"A group of prominent citizens approached lawyer Nicholas Flood Davin soon after his arrival in Regina and urged him to set up a newspaper. Davin accepted their offer – and their $5000 in seed money. The Regina Leader printed its first edition on March 1, 1883."[2] Published weekly by the mercurial Davin, it almost immediately achieved national prominence during the North-West Rebellion and the subsequent trial of Louis Riel. Davin had immediate access to the developing story, and his scoops were picked up by the national press and briefly brought the Leader to national prominence.

Davin's greatest coup was sending his reporter Mary McFadyen Maclean to conduct a jailhouse interview with Riel. Maclean obtained this by masquerading as a francophone Catholic cleric and interviewing Riel in French under the nose of uncomprehending anglophone watch-house guards.

Regina Riot

  • SCN00237
  • Corporate body
  • 1935

Eight delegates arrived back in Regina on June 26. Attempts of the Trekkers to travel east by car or truck or train were thwarted by RCMP. A public meeting was called for July 1, 1935, in Market Square in Germantown (now the site of the Regina City Police station) to update the public on the progress of the movement. It was attended by 1,500 to 2,000 people, of whom only 300 were Trekkers. Most Trekkers decided to stay at the exhibition grounds.

Three large moving trucks were parked on three sides of the square concealing RCMP riot squads. Regina police were in the garage of the police station which was in Market Square. At 8:17 p.m. a whistle was blown, and the police charged the crowd with batons from all four sides. The attack caught the people off guard before their anger took over. They fought back with sticks, stones, and anything at hand. Mounted RCMP officers then started to use tear gas and fired guns. Driven from the Square, and with the RCMP blocking the roadway back to the Stadium grounds, the battle continued in the surrounding streets for six hours.

Police fired revolvers above and into groups of people. Tear gas bombs were thrown at any groups that gathered together. Plate glass windows in stores and offices were smashed, but with one exception, these stores were not looted, they were burned. People covered their faces with wet handkerchiefs to counter the effects of the tear gas and barricaded streets with cars. Finally, the Trekkers who had attended the meeting made their way individually or in small groups back to the exhibition stadium where the main body of Trekkers were quartered.

When it was over, 140 Trekkers and citizens had been arrested. Charles Miller, a plainclothes policeman, died, and Nick Schaack, a Trekker, later died in the hospital from injuries sustained in the riot. There were hundreds of injured residents and Trekkers were taken to hospitals or private homes. Those taken to a hospital were also arrested. Property damage was considerable. The police claimed 39 injuries in addition to the dead police officer, but denied that any protesters had been killed in the melee; the hospital records were subsequently altered to conceal the actual cause of death.[citation needed]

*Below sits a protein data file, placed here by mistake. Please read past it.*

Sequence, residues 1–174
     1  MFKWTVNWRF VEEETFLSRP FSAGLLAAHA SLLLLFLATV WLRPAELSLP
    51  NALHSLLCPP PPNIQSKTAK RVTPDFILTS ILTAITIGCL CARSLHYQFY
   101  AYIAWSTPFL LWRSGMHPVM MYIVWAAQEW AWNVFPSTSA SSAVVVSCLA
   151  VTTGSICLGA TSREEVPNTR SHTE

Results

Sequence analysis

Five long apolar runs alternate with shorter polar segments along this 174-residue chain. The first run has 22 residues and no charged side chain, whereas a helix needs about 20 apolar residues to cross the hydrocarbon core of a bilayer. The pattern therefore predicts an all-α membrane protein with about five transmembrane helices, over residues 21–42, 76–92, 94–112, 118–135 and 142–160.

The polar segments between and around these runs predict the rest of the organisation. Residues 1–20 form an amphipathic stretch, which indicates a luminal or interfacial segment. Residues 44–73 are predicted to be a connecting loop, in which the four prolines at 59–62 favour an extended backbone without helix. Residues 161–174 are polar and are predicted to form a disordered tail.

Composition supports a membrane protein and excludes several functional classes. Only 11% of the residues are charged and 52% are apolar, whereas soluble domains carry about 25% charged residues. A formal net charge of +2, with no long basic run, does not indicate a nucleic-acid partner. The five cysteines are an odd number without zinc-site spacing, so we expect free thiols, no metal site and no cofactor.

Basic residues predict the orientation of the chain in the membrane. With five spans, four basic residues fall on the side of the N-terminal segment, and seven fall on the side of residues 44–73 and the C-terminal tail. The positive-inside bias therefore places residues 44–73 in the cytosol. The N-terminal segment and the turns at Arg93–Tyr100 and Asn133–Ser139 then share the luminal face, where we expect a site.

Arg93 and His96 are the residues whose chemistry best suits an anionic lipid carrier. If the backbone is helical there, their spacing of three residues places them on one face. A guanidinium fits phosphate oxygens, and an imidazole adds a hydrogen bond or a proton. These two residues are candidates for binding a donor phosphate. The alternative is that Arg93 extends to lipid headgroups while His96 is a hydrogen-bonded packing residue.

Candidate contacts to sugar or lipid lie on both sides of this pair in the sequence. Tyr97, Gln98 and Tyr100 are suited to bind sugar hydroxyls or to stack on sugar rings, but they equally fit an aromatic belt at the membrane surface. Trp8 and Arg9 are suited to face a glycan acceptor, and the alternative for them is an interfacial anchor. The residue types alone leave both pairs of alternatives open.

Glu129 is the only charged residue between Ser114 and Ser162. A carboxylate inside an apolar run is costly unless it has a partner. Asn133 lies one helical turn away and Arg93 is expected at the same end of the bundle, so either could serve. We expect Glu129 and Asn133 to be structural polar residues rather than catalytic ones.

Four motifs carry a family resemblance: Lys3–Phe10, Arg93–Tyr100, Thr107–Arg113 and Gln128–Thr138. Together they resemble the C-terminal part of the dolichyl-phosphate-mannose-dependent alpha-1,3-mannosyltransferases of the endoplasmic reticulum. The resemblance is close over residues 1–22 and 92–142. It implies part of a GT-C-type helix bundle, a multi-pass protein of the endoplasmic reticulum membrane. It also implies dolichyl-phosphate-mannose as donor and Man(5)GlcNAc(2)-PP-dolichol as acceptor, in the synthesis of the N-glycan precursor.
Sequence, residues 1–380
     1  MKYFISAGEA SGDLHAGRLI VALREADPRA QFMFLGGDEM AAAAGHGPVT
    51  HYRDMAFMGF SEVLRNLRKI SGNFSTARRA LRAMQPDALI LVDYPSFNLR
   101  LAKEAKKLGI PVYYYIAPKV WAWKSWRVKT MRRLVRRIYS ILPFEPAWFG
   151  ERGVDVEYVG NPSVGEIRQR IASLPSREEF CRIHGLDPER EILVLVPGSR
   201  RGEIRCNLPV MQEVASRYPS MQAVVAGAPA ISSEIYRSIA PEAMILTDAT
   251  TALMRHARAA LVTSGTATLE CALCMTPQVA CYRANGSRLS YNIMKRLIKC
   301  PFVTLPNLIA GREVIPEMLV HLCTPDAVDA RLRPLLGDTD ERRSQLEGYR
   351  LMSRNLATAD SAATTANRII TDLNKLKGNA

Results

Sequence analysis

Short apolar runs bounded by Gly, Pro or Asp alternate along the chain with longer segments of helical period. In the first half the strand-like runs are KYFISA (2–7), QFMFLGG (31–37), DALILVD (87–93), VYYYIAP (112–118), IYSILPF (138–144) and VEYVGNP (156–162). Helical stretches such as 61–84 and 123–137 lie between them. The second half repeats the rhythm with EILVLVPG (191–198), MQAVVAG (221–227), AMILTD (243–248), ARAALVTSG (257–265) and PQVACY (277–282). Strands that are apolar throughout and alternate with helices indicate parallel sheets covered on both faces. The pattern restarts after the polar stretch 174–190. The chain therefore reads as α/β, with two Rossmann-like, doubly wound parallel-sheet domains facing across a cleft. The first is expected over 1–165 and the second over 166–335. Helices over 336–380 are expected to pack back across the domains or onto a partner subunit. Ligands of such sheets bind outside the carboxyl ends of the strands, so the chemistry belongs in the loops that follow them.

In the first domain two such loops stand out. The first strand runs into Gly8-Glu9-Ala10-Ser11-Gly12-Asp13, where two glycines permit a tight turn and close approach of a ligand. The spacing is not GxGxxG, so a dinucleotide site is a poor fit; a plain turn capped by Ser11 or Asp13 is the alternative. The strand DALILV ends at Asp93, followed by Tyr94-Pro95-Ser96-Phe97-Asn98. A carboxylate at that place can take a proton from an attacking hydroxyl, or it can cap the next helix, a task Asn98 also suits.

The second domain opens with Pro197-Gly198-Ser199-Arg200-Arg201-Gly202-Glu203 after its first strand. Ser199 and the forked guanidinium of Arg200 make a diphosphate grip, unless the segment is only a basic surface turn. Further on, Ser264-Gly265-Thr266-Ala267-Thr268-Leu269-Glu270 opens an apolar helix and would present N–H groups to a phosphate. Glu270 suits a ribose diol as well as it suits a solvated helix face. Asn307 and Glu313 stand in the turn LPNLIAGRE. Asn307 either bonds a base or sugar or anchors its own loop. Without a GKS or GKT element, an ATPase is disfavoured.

Trekkers Arthur Evans and George Black who were on the speakers' platform were arrested by plainclothes police at the beginning of the melee.

The city's exhibition grounds were surrounded by constables armed with revolvers as well as automatic fire-arms.[citation needed] The next day a barbed wire stockade was erected around the area. News of the police-instigated riot was front-page news across Canada. About midnight one of the Trek leaders telephoned Saskatchewan Premier Gardiner, who agreed to meet their delegation the next morning. The RCMP were livid when they heard of this and apprehended the delegates for interrogation but eventually released them in time to see the premier.

Premier Gardiner sent a wire to the Prime Minister, accusing the police of "precipitating a riot" while he had been negotiating a settlement with the Trekkers. He also told the prime minister the "men should be fed where they are and sent back to camp and homes as they request" and stated his government was prepared to "undertake this work of disbanding the men." An agreement to this effect was subsequently negotiated. Bennett was satisfied that he had smashed what he believed was a communist revolt and Gardiner was glad to rid his province of the strikers.

The Federal Minister of Justice Hugh Guthrie made the false statement[citation needed][6] in the House of Commons on July 2 that "shots were fired by the strikers, and the fire was replied to with shots from the city police." During the lengthy trials that followed, no evidence was ever produced to show that strikers fired shots during the riot. For his part, Bennett characterized the On-to-Ottawa Trek as "not a mere uprising against law and order but a definite revolutionary effort on the part of a group of men to usurp authority and destroy government."